Goldman Sachs Group Inc. paid off at face value some junior-ranking slices of two collateralized debt obligations at the potential expense of more-senior classes that now are likely to default.
The moves are unusual in that the senior-most creditors are typically the first in line to get paid. But Fitch Inc. said last week that Goldman had applied its "sole discretion" to ignore the standard payment priority and use cash in reserve accounts for the Abacus 2006-13 and Abacus 2006-17 CDOs to retire lower-ranked notes.
It is unclear why Goldman did this. Michael Duvally, a spokesman for the investment bank, would not discuss the matter.
Motivations for such action could include ownership of the junior notes or separate bets against higher classes, according to Howard Hill, a former Babson Capital Management LLC portfolio manager.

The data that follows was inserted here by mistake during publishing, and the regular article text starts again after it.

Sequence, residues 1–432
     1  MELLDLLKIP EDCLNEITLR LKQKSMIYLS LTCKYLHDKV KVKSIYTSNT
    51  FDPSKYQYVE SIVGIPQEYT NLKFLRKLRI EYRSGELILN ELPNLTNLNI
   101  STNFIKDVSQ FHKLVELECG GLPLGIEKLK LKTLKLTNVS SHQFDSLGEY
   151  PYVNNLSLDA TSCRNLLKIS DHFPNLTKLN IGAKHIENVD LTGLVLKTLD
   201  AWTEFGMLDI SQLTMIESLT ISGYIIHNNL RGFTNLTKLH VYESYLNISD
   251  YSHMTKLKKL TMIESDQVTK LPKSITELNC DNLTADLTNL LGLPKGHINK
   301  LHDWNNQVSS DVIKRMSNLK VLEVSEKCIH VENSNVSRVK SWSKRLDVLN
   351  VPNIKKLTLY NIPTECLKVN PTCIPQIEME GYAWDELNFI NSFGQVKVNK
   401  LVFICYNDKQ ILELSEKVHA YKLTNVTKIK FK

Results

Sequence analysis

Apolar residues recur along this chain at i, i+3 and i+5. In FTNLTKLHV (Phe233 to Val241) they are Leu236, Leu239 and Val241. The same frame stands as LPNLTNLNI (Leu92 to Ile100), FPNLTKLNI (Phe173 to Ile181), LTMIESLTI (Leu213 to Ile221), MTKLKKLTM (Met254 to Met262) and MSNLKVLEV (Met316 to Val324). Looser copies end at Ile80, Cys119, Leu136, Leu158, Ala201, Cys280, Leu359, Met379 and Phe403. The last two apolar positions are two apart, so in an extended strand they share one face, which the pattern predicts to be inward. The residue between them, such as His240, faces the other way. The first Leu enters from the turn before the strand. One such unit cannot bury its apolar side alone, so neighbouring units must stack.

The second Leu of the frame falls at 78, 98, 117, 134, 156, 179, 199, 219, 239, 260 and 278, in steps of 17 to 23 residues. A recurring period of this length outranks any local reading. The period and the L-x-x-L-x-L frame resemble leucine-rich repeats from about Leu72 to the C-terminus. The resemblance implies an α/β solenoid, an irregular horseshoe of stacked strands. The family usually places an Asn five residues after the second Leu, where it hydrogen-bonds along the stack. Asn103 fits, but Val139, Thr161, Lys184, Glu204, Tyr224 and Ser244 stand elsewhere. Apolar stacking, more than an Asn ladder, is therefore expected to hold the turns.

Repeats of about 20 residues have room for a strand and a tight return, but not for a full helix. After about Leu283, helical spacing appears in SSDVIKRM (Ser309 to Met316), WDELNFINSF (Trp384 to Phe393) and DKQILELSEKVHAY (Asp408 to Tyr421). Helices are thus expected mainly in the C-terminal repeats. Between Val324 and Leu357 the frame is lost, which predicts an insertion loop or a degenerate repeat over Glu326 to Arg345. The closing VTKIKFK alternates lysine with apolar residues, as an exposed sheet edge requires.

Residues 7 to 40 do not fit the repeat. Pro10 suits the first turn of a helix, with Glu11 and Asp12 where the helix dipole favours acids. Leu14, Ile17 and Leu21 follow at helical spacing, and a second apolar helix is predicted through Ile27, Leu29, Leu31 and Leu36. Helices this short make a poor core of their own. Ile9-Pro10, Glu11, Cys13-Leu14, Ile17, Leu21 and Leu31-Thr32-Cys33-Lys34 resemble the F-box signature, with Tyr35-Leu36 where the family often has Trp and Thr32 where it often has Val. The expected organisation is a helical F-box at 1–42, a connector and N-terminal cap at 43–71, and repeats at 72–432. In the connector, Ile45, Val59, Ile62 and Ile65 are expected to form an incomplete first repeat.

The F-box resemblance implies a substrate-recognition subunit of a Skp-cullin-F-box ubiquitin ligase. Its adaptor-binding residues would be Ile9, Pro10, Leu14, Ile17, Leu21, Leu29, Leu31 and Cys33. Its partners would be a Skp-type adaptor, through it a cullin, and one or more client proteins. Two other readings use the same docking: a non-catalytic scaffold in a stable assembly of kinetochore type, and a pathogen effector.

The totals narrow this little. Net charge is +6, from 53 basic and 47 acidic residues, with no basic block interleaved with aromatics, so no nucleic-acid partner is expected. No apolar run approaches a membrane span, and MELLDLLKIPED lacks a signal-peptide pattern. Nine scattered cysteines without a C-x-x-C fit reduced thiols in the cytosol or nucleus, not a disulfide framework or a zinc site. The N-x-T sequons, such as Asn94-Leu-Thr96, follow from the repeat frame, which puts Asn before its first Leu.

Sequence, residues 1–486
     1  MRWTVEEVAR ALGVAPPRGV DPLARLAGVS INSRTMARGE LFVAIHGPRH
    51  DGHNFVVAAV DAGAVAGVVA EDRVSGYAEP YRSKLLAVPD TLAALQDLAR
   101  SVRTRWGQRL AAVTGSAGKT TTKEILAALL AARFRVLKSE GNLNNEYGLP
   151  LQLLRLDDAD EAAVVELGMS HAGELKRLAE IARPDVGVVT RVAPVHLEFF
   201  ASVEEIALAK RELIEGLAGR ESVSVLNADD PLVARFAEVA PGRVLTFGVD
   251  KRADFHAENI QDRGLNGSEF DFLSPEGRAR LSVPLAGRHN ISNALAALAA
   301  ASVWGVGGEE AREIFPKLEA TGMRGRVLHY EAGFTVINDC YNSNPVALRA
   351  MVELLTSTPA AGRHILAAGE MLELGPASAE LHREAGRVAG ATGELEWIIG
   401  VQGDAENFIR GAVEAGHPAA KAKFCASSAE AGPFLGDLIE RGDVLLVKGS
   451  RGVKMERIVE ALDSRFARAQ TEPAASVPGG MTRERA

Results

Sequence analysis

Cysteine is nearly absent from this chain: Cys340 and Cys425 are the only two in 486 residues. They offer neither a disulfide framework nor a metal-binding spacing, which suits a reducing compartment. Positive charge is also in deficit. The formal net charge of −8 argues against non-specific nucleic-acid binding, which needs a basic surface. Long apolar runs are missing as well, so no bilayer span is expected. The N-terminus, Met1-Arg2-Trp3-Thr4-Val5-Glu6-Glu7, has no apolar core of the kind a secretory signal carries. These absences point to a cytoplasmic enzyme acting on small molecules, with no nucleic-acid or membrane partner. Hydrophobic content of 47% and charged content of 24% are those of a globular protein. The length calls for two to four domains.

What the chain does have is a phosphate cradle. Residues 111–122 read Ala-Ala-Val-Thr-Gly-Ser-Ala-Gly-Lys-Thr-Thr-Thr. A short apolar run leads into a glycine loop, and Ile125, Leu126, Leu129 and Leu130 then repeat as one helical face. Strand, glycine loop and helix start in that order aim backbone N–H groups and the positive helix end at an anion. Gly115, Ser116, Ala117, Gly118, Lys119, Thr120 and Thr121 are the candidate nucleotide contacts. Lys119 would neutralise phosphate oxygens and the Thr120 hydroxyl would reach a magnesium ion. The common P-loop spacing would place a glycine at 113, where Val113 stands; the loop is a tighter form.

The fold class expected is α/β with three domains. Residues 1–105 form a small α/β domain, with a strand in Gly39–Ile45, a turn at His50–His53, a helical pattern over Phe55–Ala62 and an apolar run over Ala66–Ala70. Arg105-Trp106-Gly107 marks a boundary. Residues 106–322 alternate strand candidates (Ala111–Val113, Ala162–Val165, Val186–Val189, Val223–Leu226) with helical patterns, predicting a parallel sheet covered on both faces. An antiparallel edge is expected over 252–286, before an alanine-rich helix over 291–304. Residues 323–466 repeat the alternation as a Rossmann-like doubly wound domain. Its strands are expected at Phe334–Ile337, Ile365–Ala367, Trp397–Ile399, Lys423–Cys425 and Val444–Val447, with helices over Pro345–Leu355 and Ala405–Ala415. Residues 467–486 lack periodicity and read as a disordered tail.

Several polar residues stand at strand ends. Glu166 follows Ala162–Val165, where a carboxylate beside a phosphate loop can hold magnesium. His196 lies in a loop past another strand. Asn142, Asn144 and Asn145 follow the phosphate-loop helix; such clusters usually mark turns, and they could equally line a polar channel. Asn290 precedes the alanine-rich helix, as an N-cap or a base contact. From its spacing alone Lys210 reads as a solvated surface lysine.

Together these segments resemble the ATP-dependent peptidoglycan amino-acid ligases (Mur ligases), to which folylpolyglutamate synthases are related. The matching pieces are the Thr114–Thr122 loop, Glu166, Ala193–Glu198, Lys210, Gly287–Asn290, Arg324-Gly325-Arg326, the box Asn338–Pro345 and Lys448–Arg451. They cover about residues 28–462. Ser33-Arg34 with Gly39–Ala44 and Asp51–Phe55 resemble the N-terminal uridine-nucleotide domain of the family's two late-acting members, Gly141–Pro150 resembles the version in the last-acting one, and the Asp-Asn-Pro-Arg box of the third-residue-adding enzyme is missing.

"You just don't know without seeing who owns all the positions related to the deal," said Hill, who now runs a blog from New Milford, Conn.
Fitch analyst Karen Trebach said the use of reserve funds may help cause, or add to, losses for holders of the CDOs' remaining classes.
"We are not aware of the use of this feature in other transactions we rate," Trebach said.
Goldman packaged $1.4 billion of credit-default swaps into the CDOs when they were created in September 2006 and December 2006, Fitch said. The derivatives were intended to pay off a Goldman Sachs unit if commercial-mortgage bonds defaulted.
Fitch downgraded the classes of Abacus 2006-13 that were not redeemed to CCC, or seven steps below investment grade. Classes of Abacus 2006-17 that were not paid down were lowered an additional step to CC. Some of the debt in each portion was originally rated triple-A.
The repaid classes had face values of $66 million and the rest totaled $553 million.